Moreover, the standing figure of Ares placed in the museum of the Villa Adriana in Tivoli is an interesting example. The image portrays Ares standing nude and wearing his helm. He holds his shield in his left hand. The most noteworthy part of this statue is a small figurine of a vulture that rests near the god’s left leg. Vulture is one of the birds that is sacred to Ares. The other animals sacred to him include snakes, alligators, boars and dogs.
Apart from these, there are also examples of Ares’ busts found either as free-standing images or carved on medallions, coins, etc. Figures of Ares have also been painted on ancient Greek amphorae and other kinds of pottery. Thus we have many depictions of the god, all of them pointing towards his hawkish attitude.
Symbolism of Ares
♣ Ares has a dubious reputation and, therefore, bears a capacity to attract as well as to repel. He seems to have been extremely goal-oriented, focused and passionate while also being aggressive and forceful at the same time.
♣ The character of the god also highlights his disloyal nature. Not only in case of his many love affairs but also in the battlefield, he displayed this trait by changing sides according to his own preferences.
♣ The love affair between Ares and Aphrodite is particularly significant. The two of them symbolize the union of irresistible emotions and passions. However, they were capable of producing harmony in nature whenever they could control their feelings. But it can be noted from the myths that most of the time, such was not the case.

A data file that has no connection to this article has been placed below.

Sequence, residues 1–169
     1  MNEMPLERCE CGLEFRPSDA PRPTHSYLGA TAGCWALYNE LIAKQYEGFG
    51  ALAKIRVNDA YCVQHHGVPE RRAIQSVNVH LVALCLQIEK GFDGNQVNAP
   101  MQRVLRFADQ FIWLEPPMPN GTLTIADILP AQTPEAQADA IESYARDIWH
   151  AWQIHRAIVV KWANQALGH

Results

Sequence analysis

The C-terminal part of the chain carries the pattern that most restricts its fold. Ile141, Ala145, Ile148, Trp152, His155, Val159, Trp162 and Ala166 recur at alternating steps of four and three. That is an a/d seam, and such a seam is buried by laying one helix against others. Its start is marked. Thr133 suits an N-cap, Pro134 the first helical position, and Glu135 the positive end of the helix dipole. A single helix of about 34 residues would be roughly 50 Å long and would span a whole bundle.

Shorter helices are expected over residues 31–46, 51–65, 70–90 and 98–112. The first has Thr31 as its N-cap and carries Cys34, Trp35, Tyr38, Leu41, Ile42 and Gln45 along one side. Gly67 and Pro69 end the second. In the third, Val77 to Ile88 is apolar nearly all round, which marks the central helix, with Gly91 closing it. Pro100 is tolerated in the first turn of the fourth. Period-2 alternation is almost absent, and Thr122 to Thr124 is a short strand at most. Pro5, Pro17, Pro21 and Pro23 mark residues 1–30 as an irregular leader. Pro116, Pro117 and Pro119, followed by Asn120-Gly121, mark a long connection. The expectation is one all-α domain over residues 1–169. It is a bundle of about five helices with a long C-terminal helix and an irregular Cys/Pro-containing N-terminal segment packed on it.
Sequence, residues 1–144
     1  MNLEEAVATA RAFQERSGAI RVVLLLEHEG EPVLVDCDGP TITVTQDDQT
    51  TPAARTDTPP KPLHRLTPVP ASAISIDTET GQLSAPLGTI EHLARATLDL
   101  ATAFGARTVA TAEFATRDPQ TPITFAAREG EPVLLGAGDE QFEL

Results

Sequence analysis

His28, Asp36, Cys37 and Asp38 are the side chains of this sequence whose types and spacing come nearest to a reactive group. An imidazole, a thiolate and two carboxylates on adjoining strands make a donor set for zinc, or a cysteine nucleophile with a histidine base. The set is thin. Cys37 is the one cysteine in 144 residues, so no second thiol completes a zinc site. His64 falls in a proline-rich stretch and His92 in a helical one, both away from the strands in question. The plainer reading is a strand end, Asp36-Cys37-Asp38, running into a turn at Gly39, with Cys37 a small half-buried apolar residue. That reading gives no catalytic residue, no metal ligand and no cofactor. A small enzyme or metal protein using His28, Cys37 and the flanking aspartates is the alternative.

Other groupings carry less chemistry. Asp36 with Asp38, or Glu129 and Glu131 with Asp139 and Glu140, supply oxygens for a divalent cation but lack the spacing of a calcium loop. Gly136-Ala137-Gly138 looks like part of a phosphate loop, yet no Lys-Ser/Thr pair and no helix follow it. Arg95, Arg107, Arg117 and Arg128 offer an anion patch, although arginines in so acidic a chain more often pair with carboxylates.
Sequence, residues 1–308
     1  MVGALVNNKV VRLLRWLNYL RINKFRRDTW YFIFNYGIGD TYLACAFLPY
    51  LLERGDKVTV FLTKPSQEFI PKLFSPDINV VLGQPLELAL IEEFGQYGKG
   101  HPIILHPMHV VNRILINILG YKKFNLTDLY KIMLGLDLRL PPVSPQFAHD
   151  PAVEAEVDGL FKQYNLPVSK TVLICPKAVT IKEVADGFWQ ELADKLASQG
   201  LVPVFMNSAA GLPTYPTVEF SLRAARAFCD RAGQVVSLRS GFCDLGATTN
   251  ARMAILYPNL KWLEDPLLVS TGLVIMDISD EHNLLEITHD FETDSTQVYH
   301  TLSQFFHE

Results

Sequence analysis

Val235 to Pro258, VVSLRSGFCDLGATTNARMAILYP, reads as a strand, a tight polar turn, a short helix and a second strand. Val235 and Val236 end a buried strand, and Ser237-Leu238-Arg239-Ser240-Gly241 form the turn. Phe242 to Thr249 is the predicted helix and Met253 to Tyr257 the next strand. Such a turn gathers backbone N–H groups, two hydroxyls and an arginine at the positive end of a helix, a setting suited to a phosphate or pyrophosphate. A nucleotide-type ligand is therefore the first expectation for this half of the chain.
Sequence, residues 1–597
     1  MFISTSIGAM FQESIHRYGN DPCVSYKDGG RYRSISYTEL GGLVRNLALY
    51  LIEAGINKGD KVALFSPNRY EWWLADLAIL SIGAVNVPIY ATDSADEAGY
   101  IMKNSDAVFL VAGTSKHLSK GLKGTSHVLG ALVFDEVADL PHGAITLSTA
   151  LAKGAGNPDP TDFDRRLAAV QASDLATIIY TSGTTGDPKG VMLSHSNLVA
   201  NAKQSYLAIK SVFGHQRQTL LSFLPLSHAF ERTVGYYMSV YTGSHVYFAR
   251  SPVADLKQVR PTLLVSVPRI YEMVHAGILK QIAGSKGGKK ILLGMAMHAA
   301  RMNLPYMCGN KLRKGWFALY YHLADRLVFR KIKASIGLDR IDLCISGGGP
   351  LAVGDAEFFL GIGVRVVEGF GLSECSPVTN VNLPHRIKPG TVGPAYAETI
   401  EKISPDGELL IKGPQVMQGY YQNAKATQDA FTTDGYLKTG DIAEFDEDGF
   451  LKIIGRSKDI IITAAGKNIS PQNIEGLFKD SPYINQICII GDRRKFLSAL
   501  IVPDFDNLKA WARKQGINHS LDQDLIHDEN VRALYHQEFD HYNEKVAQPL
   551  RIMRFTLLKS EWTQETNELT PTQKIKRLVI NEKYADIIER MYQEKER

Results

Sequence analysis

♣ At the same time, Ares also stands for freedom – freedom to do things his way. He did not seem to care what others thought about him, not even his own parents.
♣ Though in many respects, Ares signifies how not to live, one has to accept that it is not easy to swim against the tide. This is precisely one quality that can be taken in a positive way and learned from his character. He thus not only stands for freedom, as mentioned above, but also for courage and boldness.
The best thing about Greek Olympian gods is that they resemble human beings very closely. They stay in a family, love, hate, fight and care for each other. Most importantly, they also tend to injure themselves and die eventually. It is this very combination of human and godly features which brought the Olympians even closer to the hearts of the people and thus made them the primary divinities of the Greek pantheon. Actually, this combination makes it possible for the people to directly relate to their gods and goddesses and decide whether to regard or to disregard them. This is precisely the reason why the cult of Ares is much smaller than the cults of other Olympian deities.